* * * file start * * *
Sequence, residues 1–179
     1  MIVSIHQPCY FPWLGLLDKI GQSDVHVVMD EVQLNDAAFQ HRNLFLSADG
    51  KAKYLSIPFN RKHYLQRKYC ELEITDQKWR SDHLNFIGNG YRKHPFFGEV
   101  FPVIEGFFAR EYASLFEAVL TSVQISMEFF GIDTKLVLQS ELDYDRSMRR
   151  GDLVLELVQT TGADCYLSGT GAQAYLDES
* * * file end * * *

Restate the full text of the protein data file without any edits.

Sequence, residues 1–179
     1  MIVSIHQPCY FPWLGLLDKI GQSDVHVVMD EVQLNDAAFQ HRNLFLSADG
    51  KAKYLSIPFN RKHYLQRKYC ELEITDQKWR SDHLNFIGNG YRKHPFFGEV
   101  FPVIEGFFAR EYASLFEAVL TSVQISMEFF GIDTKLVLQS ELDYDRSMRR
   151  GDLVLELVQT TGADCYLSGT GAQAYLDES